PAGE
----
Why this man wanted his age reduced by 20 years
In what has to be one of the weirdest cases of the 21st century, a Dutch court, on Monday, refused to subtract 20 years from the legal age of Emile Ratelband, a motivational speaker. Earlier, in a case that drew worldwide attention, Ratelband had tried to reduce his legal age by 20 years, alleging that he was a victim of age discrimination. Here's more.
The ageless Ratelband had sued the Dutch government
Claiming that his aging had stopped, Ratelband, a resident of the Netherlands, had wanted his legal age to reflect that he was in his 40s, and not a sexagenarian. However, as the Netherlands government did not allow for such a move, the motivational speaker sued the government at a court in the Dutch town of Arnhem.
Age is just a number, and numbers can be changed
"I'm 69, but I like to work my ass off. I look at my biological age, and my biological age is 40, 42...My aging has stopped," Ratelband had told Business Insider.
Time and tide wait for none...except Ratelband
As media attention grew around his case, Ratelband reportedly claimed that time had stood still for him ever since he started working with fitness guru and motivational speaker Tim Robbins in the 1980s. Further, Ratelband feels that technological and medical advancements in the 21st century helps even old people feel young, and views himself as an 'age crusader' fighting an impending aging crisis.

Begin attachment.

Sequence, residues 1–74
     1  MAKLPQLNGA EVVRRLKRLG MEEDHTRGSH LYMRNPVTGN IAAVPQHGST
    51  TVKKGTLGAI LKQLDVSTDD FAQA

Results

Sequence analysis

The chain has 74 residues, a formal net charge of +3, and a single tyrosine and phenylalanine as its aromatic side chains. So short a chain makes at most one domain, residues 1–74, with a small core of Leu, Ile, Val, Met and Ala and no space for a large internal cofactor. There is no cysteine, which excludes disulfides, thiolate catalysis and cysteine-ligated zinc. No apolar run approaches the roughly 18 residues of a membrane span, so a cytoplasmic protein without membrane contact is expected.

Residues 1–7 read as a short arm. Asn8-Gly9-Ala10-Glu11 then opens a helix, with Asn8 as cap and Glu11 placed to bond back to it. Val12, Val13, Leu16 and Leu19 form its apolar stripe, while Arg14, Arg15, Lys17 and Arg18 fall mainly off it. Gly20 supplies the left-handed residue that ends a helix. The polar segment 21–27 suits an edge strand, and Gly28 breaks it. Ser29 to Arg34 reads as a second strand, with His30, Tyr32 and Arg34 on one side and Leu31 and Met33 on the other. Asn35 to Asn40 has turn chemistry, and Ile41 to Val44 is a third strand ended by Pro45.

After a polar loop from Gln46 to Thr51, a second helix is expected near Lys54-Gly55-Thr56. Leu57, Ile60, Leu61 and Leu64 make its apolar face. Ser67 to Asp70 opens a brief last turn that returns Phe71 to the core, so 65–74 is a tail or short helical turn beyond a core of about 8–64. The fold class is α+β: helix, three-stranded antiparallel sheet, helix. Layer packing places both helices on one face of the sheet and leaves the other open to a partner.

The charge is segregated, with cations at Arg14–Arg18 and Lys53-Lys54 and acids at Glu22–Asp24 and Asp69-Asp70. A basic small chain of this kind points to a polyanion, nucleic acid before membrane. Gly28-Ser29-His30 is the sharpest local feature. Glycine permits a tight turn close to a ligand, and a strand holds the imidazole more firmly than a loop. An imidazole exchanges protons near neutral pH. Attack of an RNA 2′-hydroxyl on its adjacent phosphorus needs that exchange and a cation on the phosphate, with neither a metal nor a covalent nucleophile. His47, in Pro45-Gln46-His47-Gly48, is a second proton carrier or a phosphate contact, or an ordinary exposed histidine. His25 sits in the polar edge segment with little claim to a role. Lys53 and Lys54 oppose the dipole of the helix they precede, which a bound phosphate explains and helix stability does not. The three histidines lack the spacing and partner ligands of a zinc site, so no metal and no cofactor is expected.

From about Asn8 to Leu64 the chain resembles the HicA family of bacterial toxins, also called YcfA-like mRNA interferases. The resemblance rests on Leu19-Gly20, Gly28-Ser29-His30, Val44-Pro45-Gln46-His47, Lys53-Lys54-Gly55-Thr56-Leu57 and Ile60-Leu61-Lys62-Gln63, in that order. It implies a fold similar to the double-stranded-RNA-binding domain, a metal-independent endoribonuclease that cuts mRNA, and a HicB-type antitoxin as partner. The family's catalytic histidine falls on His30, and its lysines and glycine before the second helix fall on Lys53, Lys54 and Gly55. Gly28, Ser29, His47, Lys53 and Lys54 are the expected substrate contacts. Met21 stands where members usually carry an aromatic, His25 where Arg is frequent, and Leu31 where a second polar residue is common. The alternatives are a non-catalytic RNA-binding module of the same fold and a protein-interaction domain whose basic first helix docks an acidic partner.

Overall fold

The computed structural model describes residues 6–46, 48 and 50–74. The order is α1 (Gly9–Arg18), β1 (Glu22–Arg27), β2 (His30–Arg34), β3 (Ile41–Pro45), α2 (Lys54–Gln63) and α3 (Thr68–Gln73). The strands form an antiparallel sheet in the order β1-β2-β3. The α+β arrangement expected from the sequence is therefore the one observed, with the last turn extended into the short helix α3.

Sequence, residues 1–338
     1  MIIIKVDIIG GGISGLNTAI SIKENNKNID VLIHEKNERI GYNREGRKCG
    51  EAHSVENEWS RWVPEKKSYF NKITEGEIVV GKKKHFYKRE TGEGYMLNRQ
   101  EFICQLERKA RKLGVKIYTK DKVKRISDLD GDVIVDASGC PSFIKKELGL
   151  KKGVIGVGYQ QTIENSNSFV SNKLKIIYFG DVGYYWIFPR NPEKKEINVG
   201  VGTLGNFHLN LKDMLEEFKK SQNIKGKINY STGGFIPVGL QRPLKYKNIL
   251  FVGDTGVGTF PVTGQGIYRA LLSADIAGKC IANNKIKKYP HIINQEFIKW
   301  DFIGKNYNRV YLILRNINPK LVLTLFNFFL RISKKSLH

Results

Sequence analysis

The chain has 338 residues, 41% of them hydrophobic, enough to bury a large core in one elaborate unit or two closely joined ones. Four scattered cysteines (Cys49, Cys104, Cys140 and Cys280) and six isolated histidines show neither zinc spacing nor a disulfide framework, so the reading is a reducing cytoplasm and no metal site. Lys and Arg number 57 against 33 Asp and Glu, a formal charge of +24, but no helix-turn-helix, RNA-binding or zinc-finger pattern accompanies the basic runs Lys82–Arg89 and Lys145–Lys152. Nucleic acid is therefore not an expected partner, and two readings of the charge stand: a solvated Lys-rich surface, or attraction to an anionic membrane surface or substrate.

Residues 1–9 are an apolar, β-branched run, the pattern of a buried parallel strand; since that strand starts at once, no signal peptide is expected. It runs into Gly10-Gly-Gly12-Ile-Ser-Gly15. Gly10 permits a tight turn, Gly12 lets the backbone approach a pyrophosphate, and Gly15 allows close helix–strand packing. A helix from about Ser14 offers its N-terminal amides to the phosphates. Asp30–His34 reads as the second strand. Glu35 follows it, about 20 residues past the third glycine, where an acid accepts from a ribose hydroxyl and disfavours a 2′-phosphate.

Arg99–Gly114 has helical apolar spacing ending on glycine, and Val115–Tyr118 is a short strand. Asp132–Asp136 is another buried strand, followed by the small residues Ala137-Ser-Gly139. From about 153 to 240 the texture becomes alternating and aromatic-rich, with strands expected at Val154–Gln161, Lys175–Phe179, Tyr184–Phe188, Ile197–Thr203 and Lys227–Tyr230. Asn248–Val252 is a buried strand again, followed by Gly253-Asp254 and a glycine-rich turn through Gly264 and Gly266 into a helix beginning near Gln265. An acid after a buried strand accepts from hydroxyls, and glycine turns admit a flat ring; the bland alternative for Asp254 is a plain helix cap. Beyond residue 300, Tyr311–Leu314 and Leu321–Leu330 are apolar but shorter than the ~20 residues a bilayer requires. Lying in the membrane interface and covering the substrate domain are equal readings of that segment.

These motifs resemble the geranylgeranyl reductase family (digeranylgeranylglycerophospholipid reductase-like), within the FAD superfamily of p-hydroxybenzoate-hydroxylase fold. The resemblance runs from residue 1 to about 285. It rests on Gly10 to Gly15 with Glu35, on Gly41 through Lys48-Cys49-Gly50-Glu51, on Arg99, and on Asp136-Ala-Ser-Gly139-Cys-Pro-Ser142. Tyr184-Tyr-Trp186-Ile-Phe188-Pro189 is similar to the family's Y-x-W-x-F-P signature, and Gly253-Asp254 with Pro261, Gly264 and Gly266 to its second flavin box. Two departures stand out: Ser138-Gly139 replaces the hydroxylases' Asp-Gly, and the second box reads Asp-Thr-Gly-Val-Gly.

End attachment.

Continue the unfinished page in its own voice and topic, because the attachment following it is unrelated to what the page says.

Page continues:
Soon, people who are 70 will feel like they're 40
"In 25 years, all kinds of people who are then at the age of 70 will feel like if they are 40. Everything has changed...only the government doesn't change at all," the motivational speaker had said.
Age should reflect what people feel, Ratelband had argued
Ratelband's reasons for suing the government was that being a sexagenarian brought with it certain restrictions - getting a mortgage or getting a job became difficult. Demanding that citizens' documents should reflect the age that they 'feel', rather than an age based on date of birth, Ratelband had urged the court to consider his case. He said that his age served as a basis for discrimination, and that he felt "condemned" but his elderly status.
Court says 'no way' to Ratelband's calls for age alteration
Alas, it seems like Ratelband is destined to feel condemned. Giving its verdict, the Dutch court in Arnhem refused to buy Ratelband's claims of age discrimination, and snubbed the 69-year-old's lawsuit. Explaining its verdict, the court said that alteration of accurate public records pertaining to age would have disastrous consequences, as rights and obligations, such as voting or going to school, are dependent on age.
Ratelband is welcome to feel younger, but that's about it
"Mr. Ratelband is at liberty to feel 20 years younger than his real age and to act accordingly. But amending...date of birth...would have a variety of undesirable legal and societal implications," said an unimpressed bench of the Dutch district court.
Undeterred, Ratelband will continue his crusade against aging
Ratelband isn't the first person to grapple with the idea of biological age and 'subjective' age - even Thomas Jefferson, one of the Founding Fathers of America, had toyed with the idea that people's perception of age and how they felt could outweigh their biological age. Unfortunately for Ratelband, the world doesn't work that way. Yet, the motivational guru is undeterred and plans to file an appeal in his crusade against aging.